Climate technology .. unstoppable progress

Climate technology .. unstoppable progress

“We’re going to have a hibernation period of several years,” Bill Gates warned a group of green development entrepreneurs over the past few days.

At a forum hosted by TechCrunch, a technology and start-up news site, Gates lamented that the success of these entrepreneurs was coming at a bad time. Silicon Valley is preparing for a sharp economic downturn, and could catch clean energy and green technology workers obsessed with repeating the deterioration of the past. Fifteen years ago, venture capitalists began setting up private funds to invest in this sector, but they only disappeared when market conditions deteriorated.

And in recent years, there has been another boom in climate technology with billions of dollars being poured into companies dedicated to renewable energy and reducing emissions.

Now, with markets turning, industry veterans are arguing that there is enough money and a broader and deeper set of financial backers to avoid a recurrence. Bill Lees, managing partner at Primar Energy Ventures, which focuses on technology and communications in the energy sector, believes there is a very strong interest in returning to the first test of clean technology. During this first experiment, solar, wind, and electric cars were too expensive to prove, and Tesla needed a government loan.

This time, renewable energy is cheaper than fossil fuels. A decade ago, Peter Gaidusch, who is in charge of climate affairs at venture capital firm Fifth Wall, worked for Richard Branson’s Virgin Green Fund, an investment vehicle that at the time had $ 220 million and was one of the world’s largest. that time. Gaydosh now works for a company that targets double that amount for a single fund.

The fund invests in companies that develop smart networks, industrial engines and cement production. And Bloomberg New Energy Finance, a clean energy research service, reported that climate technology start-ups raised $ 53.7 billion in 2021, including a large sum of money for electric bikes and artificial chicken manufacturers.

Unlike the previous boom, this influx includes asset managers and large corporations that support climate crisis solutions to achieve environmental, social, and governance goals. This led to huge financial promises yet to be invested, and it was absent in the first clean technology rush. “It’s fundamentally different,” said Jim Capsis, a veteran expert at cleaning technology leader UPower, who also runs consulting firm Ad Hook Group.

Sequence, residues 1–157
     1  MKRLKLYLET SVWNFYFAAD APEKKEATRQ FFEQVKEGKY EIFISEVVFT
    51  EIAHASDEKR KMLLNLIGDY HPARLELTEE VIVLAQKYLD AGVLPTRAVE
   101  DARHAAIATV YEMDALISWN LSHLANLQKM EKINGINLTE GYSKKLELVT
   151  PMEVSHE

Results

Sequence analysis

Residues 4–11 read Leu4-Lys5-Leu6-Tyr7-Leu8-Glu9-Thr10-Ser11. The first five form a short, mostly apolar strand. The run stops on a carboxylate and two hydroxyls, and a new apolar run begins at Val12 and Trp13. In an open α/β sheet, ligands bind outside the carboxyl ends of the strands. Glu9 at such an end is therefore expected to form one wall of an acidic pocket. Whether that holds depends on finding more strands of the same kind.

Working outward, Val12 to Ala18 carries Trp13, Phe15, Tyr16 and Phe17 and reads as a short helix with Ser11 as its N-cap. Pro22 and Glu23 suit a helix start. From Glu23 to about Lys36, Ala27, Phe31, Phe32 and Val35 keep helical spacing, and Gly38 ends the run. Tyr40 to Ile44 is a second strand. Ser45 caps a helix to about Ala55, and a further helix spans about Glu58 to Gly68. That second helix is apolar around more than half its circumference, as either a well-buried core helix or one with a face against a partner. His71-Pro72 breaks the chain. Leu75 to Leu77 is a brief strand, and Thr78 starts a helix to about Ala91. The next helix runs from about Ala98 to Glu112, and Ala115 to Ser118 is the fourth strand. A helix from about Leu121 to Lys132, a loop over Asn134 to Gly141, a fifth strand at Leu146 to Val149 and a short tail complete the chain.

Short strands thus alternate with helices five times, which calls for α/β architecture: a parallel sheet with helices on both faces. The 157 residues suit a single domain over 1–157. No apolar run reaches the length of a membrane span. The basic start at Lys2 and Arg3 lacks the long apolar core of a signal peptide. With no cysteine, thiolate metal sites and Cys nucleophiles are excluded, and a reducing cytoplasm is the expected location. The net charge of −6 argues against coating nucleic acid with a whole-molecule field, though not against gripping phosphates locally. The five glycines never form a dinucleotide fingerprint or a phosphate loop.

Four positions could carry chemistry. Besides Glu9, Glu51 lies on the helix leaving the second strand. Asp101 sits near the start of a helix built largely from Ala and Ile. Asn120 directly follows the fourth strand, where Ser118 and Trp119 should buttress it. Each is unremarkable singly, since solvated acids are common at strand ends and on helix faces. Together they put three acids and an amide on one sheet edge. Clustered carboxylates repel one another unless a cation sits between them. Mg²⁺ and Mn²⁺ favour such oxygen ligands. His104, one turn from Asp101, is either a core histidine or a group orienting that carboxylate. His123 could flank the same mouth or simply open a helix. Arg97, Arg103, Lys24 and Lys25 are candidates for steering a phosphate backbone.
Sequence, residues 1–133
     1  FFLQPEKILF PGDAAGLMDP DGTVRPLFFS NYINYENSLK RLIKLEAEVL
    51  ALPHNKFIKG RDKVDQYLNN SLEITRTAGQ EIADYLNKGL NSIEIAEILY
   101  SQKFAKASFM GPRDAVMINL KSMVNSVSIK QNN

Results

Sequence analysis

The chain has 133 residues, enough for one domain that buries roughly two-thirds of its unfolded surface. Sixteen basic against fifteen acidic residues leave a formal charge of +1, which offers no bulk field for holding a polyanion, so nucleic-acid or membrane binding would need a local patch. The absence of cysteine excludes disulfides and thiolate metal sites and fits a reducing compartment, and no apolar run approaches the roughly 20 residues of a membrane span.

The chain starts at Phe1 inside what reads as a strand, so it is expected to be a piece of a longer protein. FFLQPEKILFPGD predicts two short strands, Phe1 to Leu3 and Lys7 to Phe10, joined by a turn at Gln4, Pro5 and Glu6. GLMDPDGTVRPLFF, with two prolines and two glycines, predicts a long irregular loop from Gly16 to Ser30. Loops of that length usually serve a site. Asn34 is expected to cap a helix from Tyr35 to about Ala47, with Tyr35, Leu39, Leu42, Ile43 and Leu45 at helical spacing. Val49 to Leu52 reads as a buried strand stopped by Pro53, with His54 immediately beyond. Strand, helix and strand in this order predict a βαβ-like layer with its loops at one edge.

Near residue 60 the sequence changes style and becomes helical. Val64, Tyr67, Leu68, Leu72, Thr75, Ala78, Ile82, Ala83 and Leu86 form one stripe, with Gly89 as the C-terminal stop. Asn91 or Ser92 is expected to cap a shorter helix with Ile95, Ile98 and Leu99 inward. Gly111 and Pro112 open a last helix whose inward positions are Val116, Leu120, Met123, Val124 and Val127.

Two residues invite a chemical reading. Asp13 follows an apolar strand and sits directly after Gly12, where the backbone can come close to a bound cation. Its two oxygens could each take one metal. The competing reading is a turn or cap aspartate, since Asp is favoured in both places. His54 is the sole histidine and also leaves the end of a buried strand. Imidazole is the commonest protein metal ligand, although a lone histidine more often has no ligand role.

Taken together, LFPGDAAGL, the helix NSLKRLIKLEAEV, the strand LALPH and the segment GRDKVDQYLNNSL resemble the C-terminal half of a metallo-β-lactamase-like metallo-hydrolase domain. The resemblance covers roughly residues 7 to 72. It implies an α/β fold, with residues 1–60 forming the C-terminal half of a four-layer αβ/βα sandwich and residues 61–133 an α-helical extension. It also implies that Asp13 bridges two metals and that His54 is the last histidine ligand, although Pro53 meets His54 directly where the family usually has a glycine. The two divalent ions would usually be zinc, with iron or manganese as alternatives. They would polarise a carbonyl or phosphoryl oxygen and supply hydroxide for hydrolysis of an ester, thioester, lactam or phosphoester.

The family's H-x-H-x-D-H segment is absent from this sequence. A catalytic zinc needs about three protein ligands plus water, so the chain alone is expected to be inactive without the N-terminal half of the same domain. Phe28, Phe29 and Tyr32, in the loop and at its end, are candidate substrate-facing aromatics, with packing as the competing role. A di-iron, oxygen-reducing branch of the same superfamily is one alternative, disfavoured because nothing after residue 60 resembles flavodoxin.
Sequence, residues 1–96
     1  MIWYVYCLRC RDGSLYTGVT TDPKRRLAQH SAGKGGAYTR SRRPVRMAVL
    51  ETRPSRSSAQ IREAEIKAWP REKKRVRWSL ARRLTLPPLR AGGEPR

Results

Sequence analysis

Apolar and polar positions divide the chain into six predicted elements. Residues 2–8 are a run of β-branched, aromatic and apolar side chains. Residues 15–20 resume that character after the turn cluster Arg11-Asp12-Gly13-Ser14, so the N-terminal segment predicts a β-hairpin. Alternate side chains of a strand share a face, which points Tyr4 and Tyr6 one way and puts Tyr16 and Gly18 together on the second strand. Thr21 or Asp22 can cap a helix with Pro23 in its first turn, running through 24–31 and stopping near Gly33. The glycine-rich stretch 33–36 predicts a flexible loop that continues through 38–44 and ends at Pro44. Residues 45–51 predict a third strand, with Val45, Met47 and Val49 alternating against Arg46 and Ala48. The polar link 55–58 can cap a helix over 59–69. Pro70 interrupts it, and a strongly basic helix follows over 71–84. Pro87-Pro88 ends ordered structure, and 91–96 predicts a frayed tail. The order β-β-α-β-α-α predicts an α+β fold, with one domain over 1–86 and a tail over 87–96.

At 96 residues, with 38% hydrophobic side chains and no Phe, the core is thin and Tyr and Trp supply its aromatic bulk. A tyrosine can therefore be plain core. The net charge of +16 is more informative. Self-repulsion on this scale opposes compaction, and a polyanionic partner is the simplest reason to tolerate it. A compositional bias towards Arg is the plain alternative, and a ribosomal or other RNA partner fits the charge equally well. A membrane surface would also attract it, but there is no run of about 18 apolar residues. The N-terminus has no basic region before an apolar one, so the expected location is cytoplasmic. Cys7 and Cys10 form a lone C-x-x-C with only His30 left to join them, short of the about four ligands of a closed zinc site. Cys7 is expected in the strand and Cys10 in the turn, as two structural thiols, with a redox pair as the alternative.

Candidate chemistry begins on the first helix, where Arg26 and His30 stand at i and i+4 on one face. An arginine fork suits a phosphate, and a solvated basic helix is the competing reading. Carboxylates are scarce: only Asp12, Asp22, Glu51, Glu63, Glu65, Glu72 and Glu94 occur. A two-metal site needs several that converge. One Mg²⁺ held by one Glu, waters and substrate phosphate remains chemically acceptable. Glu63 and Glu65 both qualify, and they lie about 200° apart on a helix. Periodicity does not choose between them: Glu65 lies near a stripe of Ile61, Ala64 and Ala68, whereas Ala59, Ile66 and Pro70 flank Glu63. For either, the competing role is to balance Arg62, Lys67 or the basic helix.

There is also a general feeling that the sector may excel while others falter in the application software industry, cryptocurrency technology or business applications. The gas price shock and the war in Ukraine gave a boost to renewable energy. This does not mean that climate technology is immune to damage. In May, stock market investors began withdrawing money from ESG equity funds.

Venture capital financing in the sector slowed down in early 2022, according to a recent report by investment advisory firm Patchbook. Investors are urging climate starters to be more conservative with their money. They talk about “tailoring” and “orienting to quality.”

Voyager Ventures, one of the recent climate-focused funds that raised $ 100 million in April, has supported start-ups working on energy efficiency programs and carbon-neutral nickel production, the price of which varies widely. Volatility in energy markets has only confirmed the value of its portfolio, especially in Europe, says Sarah Sklarsek, co-founder of Voyager Ventures.

“The big trends are just pointing here,” her partner, Sierra Peterson, added. Partners emphasize that they have not changed their strategy despite the recent downturn. The talk did not mention the change of course or the correct size in the forum that TechCrunch has held over the past few days.

Investor Gaydush leads a session entitled “Why the Next Big Entrepreneur of Climate Technology Should Come.” Outside of the session, he said many of his tech-savvy partners’ limited supporters continue to allocate money to climate funds because of corporate and government promises to reduce emissions. And some limited partners relax, but not to the extent they did during the previous cleaning technology crash. He also believes that the sector is now functioning outside the normal market cycles.

“The climate does not care about inflation,” Gaidus said. The oceans are getting hot and the forests are burning. It is still a problem, someone has to solve it, and it creates opportunities. ”

* An American journalist covering technology.

Published by special arrangement with the Washington Post and Bloomberg News Service.

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